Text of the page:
Lipocalin-2, a hormone that suppresses hunger in humans, could be used to treat obesity: Study
Obesity not only impairs movement but also increases the risks of many chronic and potentially disabling diseases like type 2 diabetes, hypertension, cardiovascular diseases and kidney disease
Obesity has reached epidemic proportions all over the world. It not only impairs movement but also increases the risks of many chronic and potentially disabling diseases like type 2 diabetes, hypertension, cardiovascular diseases and kidney disease. Many people with obesity find it difficult to control their eating habits or stick to a strict exercise and diet regimen to reduce their weight, which leads to further slowing of their metabolism and subsequent negative outcomes.
In such cases, medications that curb hunger and help reduce weight by 5-10 percent are given to patients. But these drugs have major side effects and cannot be used in the long term. Bariatric surgery may be recommended to the patients who are at high risk of complications due to obesity, but the surgery also has many side effects and can be difficult and expensive to manage. The search for a viable obesity treatment with minimum side effects is the need of the hour and researchers across the world are focusing on solving this problem.
A hormone that regulates appetite and metabolism
A new study published in the journal eLife presents an opportunity to control and reduce obesity by regulating a hormone called lipocalin-2 (LCN2). LCN2 is an endogenous hormone produced in mice and primates including humans. It is secreted by osteoblasts in the bones. Previous studies indicate that LCN2 can not only suppress hunger and send out satiety signals but also reduce body weight and improve sugar metabolism. However, these studies were done on mice and it remained unclear whether humans and other primates experience a similar reaction to LCN2.
To examine if LCN2 has a similar effect on humans and primates, the researchers conducted a double study - one on humans and one on other primates. For the human study, the researchers analysed data collected from four separate studies including healthy individuals with normal weight, overweight individuals, obese individuals and severely obese individuals. All the participants were given a meal after an overnight fast and their metabolic biomarkers were evaluated.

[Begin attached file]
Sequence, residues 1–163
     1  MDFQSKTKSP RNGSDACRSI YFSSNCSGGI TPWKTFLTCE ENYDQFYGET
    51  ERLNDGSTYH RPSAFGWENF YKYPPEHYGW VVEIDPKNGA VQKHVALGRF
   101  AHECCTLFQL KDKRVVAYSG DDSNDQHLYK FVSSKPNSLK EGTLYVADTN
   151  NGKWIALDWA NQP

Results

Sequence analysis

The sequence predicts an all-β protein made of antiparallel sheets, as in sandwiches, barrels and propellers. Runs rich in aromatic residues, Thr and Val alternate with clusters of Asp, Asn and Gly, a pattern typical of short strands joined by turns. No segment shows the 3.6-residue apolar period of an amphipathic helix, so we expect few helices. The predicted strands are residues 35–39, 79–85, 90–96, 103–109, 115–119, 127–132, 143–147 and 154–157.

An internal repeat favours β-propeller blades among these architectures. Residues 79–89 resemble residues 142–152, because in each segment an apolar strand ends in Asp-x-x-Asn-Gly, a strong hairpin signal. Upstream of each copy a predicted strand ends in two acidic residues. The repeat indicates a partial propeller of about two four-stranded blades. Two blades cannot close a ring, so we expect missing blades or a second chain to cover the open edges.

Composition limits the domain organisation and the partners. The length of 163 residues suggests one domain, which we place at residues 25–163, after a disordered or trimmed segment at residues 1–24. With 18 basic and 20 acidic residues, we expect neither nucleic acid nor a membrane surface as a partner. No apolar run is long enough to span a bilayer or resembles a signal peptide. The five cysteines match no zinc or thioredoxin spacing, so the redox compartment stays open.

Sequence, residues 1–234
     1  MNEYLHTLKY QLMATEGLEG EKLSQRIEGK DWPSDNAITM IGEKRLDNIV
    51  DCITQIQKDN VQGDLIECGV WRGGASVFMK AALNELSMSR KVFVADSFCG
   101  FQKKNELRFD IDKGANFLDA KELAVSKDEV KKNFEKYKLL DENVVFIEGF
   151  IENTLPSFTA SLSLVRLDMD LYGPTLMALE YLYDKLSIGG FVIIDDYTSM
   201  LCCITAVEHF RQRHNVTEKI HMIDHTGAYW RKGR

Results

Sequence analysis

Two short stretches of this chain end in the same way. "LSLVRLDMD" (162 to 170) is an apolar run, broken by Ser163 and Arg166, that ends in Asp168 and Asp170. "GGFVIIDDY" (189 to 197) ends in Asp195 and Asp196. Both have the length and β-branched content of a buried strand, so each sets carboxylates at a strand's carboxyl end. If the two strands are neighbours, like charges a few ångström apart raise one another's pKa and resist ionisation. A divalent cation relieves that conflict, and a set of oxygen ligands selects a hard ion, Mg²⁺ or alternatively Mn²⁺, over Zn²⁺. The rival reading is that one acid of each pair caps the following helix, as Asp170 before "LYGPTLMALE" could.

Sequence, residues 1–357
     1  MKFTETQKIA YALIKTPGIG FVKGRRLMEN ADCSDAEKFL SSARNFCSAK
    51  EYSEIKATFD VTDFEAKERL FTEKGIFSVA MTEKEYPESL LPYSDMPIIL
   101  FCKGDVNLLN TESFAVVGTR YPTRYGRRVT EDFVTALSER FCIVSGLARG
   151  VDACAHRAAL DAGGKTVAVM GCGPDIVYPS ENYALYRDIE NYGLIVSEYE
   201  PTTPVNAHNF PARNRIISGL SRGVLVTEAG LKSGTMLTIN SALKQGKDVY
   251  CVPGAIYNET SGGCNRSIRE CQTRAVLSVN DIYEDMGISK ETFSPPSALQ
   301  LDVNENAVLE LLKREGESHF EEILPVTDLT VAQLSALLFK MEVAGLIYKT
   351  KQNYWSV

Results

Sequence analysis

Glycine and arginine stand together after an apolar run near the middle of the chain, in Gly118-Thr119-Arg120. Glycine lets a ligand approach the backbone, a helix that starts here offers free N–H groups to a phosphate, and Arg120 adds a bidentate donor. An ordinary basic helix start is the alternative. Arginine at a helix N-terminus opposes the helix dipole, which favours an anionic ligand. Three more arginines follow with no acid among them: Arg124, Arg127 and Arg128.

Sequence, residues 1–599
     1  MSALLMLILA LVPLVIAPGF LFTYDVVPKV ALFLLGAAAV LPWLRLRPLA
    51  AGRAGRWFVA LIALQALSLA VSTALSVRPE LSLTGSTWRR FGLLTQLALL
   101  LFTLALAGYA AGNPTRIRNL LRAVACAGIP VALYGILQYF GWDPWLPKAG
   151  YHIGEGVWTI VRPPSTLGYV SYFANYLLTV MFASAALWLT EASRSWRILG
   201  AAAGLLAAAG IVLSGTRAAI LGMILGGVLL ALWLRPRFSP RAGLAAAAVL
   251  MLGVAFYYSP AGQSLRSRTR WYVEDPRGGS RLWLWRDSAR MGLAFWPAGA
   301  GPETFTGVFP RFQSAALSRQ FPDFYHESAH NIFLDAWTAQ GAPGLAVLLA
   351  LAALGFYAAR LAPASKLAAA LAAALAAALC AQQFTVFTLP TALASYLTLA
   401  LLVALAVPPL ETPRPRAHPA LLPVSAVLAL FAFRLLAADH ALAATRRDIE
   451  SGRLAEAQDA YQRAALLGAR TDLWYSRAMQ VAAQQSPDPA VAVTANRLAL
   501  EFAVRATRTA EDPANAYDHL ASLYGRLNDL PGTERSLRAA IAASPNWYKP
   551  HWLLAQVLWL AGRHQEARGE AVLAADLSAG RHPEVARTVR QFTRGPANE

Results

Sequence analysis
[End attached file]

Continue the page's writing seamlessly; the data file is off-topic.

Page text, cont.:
The researchers examined the results of each study and found that there was a significant increase in circulating LCN2 levels after a meal in humans with a normal weight. This increase in LCN2 levels correlates with a drop in hunger sensation in healthy, normal weight individuals. On the other hand, individuals who are overweight, obese and severely obese experienced a decrease in the levels of LCN2 after having the meal. This shows that LCN2 plays a major role in regulating hunger and satiety and contributes to obesity in those who don’t secrete this hormone properly.
Using LCN2 to regulate hunger and satiety
So, the researchers next wondered, can treatment with LCN2 improve the metabolism of those who are overweight or obese? To evaluate this, the researchers embarked on the second study into primates like baboons and rhesus macaques. These primates were divided into two groups - one was given LCN2 and the other saline. After two rounds of this treatment, each lasting a week, the researchers found that the group of primates treated with LCN2 had a 28% reduction in food intake compared to the start of the study. Compared to the saline-treated group, the LCN2-treated group experienced a 21% reduction in food intake.
What’s more, the researchers found that the LCN2-treated group of primates also experienced a decline in their body weight, body fat and blood lipid levels during this trial period. There were no toxic side effects to LCN2 injections in the primates, which is another promising finding. Combined together, the two studies conducted by these researchers indicate that treatment with LCN2 may be a viable option for people with obesity without leading to any toxicity or side effects. The researchers state that larger and well-controlled studies in the future should further establish the efficacy of this promising treatment for obesity.
For more information, read our article on Obesity.
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